Contesting the seat from the Māori Party is Tākuta Ferris who is a Māori advisor for Massey University. Ferris calls himself a staunch advocate and champion of Māori independence and empowerment. He has accused the Labour Party's Māori caucus of being invisible during the COVID-19 response and believes the Māori Party's return to Parliament is necessary to ensure iwi Māori have a staunch voice. Ferris is asking voters to be strategic this election as a way of getting more Māori MPs into parliament as a bottom line. He has stated he will fight for the clean waters of Waikoropupū Springs, to protect and prepare whānau in the path of the Alpine Fault, to restore the lives of families impacted by earthquakes throughout the electorate, and to support those who are suffering from the massive losses in tourism, trade and retail. His key messaging this election is to ensure Māori are resourced to lead their own COVID recovery plan using solutions built by Māori for Māori.
The Greens are also putting up a contender this year, Ariana Paretutanganui-Tamati has a background in social work and Māori development. She has worked in Government, in NGOs and for iwi/ hapū and been involved in campaigns for indigenous rights, to build more state houses, end child poverty, stop the sale of state assets, ending oil and gas exploration. These commitments extend to her messaging as a candidate for the electorate, particularly in regards to social and environmental justice. Paretutanganui-Tamati will advocate for more state housing, and generate options for iwi to build homes. She will advocate for a raise in benefit levels as well as raising the minimum wage to a liveable wage. She will also look to extend funding to community, business and iwi to generate sustainable jobs.
And finally, but perhaps most consistently, the Legalise Cannabis party will also put up a candidate this election. They have contested each election since 1996, for the last six elections though they have not received more than 1 percent of the party vote. However, this year might very well be the most important for them with the Cannabis referendum on the table. Anituhia McDonald has spoken about coming from a childhood of poverty with no access to education, identity or culture. She wants to bring a voice to Parliament for whānau who are disconnected from their identity and culture. McDonald wants to see more re-training, education, financial and cultural awareness taught and supported by government and local iwi. She also believes the legalising of cannabis would be a positive impact on society and the economy. Beyond these kaupapa she is also keen to focus on advocating for positive poverty solutions.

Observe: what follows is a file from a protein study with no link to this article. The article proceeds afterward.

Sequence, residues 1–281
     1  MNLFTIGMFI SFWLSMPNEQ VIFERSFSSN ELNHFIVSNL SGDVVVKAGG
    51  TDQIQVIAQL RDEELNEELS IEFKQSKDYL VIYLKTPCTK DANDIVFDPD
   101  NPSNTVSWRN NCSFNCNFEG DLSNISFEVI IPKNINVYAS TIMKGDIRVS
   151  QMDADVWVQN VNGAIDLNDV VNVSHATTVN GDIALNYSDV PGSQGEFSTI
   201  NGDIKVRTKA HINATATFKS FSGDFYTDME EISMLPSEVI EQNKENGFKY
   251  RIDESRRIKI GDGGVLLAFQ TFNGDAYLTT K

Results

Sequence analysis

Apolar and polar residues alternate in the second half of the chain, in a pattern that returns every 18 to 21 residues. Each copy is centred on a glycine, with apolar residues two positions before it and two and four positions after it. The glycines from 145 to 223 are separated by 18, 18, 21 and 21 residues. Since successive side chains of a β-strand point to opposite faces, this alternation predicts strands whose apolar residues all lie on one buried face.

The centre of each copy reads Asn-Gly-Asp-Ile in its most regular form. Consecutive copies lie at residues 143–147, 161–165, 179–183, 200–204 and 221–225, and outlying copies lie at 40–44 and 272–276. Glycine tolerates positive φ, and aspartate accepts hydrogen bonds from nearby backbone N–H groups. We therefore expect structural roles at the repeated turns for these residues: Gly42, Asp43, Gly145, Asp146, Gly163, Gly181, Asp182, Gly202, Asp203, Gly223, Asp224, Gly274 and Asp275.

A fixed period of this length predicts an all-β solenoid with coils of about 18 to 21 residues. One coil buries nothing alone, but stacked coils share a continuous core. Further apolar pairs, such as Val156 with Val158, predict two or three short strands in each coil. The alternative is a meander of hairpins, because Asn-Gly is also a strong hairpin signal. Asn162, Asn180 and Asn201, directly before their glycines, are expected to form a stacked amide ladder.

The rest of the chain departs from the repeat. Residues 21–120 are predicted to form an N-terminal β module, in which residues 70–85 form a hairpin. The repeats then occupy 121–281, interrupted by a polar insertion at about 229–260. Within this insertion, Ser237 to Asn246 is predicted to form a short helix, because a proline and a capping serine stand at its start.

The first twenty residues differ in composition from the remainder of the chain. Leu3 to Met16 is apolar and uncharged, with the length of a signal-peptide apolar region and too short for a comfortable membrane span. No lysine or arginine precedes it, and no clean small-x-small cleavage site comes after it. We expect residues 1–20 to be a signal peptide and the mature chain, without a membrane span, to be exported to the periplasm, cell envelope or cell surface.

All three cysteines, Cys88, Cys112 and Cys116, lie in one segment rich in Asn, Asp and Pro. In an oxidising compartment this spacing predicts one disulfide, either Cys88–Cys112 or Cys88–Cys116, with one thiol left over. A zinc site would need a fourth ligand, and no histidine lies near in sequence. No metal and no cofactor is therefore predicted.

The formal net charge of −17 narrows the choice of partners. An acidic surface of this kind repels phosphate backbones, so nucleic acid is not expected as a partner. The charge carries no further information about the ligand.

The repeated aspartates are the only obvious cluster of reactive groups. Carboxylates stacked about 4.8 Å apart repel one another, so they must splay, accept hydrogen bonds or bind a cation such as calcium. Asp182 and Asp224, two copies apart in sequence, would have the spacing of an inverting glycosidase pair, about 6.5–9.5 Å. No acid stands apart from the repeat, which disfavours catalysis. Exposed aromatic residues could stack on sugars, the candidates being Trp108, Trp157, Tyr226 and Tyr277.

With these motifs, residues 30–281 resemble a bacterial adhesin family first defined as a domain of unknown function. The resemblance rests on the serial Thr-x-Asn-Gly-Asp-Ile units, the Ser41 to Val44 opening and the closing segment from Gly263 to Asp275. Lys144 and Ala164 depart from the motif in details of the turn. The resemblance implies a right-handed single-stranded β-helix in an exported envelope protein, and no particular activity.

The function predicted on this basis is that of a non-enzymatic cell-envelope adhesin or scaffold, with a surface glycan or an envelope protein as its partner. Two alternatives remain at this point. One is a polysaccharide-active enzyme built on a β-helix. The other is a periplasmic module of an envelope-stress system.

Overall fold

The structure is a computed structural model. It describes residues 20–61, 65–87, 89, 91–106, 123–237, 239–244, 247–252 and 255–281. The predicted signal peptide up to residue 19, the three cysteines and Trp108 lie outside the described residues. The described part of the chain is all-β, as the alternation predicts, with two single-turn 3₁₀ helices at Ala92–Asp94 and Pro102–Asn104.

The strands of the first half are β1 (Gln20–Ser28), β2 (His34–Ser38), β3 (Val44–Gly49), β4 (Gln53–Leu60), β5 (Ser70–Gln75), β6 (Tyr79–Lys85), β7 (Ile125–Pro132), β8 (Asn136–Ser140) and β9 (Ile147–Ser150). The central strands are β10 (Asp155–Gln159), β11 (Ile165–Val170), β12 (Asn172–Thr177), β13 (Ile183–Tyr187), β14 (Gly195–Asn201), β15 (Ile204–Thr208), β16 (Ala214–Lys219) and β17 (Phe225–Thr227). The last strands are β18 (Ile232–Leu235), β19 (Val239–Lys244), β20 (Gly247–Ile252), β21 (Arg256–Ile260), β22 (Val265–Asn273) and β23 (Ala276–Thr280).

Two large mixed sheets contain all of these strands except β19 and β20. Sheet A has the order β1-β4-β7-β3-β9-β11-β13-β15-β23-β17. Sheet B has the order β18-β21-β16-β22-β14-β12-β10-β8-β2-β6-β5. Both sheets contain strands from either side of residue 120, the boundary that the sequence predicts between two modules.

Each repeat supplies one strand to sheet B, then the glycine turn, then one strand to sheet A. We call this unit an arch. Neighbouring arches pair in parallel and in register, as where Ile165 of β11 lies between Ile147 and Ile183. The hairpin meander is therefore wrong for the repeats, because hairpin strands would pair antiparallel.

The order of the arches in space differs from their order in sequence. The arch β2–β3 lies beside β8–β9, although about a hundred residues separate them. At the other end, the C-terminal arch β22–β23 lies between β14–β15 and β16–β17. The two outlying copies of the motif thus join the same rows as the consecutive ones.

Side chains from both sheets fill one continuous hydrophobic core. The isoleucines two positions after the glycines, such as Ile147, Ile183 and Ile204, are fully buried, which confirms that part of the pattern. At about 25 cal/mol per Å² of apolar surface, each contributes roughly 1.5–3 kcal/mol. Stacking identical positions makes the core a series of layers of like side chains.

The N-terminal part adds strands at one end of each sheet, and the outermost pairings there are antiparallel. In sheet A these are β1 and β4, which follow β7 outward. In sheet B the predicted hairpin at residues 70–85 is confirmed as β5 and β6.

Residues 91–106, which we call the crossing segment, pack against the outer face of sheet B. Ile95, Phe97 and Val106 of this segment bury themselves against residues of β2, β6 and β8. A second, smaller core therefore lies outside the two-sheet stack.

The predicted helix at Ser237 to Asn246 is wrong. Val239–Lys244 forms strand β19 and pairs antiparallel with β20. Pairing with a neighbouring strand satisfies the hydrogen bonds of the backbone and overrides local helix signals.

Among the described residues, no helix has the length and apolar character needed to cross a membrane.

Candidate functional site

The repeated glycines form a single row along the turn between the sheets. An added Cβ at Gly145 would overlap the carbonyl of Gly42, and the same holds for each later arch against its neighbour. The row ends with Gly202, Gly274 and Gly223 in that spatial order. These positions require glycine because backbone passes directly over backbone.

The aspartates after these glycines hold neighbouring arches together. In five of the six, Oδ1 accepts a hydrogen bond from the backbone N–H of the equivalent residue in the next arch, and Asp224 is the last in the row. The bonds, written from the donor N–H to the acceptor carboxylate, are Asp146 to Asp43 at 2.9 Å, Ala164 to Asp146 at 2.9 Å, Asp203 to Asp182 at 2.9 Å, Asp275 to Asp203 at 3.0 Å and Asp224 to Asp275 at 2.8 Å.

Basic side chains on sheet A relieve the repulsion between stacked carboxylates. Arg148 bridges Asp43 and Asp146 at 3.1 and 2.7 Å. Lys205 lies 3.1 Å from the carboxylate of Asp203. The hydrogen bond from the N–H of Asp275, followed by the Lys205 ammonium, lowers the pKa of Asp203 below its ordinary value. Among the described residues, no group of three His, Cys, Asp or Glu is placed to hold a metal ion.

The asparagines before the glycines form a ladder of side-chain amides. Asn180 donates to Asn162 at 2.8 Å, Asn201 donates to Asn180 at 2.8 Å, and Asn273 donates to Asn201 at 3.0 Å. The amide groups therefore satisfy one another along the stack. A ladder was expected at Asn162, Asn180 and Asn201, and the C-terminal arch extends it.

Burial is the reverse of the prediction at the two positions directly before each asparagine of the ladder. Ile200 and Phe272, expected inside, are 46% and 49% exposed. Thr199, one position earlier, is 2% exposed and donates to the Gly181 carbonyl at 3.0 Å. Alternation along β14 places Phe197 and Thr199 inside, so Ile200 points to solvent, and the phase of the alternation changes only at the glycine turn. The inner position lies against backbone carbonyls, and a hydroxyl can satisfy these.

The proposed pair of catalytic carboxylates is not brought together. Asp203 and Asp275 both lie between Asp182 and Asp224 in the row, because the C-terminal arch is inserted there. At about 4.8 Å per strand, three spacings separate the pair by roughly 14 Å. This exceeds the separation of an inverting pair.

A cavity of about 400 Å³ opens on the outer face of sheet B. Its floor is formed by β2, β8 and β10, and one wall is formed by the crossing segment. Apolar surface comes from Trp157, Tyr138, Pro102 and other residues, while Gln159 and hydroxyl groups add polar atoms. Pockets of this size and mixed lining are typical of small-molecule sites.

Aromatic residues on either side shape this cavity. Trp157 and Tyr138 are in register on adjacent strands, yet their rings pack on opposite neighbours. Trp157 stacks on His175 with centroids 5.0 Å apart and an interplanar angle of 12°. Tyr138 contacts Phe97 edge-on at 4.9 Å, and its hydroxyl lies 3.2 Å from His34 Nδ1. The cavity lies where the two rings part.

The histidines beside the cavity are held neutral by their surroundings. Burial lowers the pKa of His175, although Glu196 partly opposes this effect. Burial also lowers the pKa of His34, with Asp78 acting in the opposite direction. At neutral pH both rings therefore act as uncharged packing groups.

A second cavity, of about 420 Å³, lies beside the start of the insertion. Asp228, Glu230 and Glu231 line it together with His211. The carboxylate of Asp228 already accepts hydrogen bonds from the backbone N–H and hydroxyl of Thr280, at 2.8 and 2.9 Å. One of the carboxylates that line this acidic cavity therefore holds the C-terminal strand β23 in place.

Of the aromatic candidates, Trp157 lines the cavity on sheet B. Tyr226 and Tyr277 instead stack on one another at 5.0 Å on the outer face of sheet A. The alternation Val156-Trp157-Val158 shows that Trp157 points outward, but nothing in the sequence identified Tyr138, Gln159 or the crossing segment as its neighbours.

Tirikatene's hold on the seat could also be a result of having such strong contenders from both the Māori Party and the Green Party - their votes combined would have defeated him in 2017. This year could very well be a continuation of Tirikatene's presence, or is the electorate looking for a change? Tune into The Hui's Te Tai Tonga debate tonight to find out who the best candidate is to lead the largest Māori electorate through the COVID recovery period.
Watch The Hui's live debate from 8pm on Newshub.co.nz on Tuesday night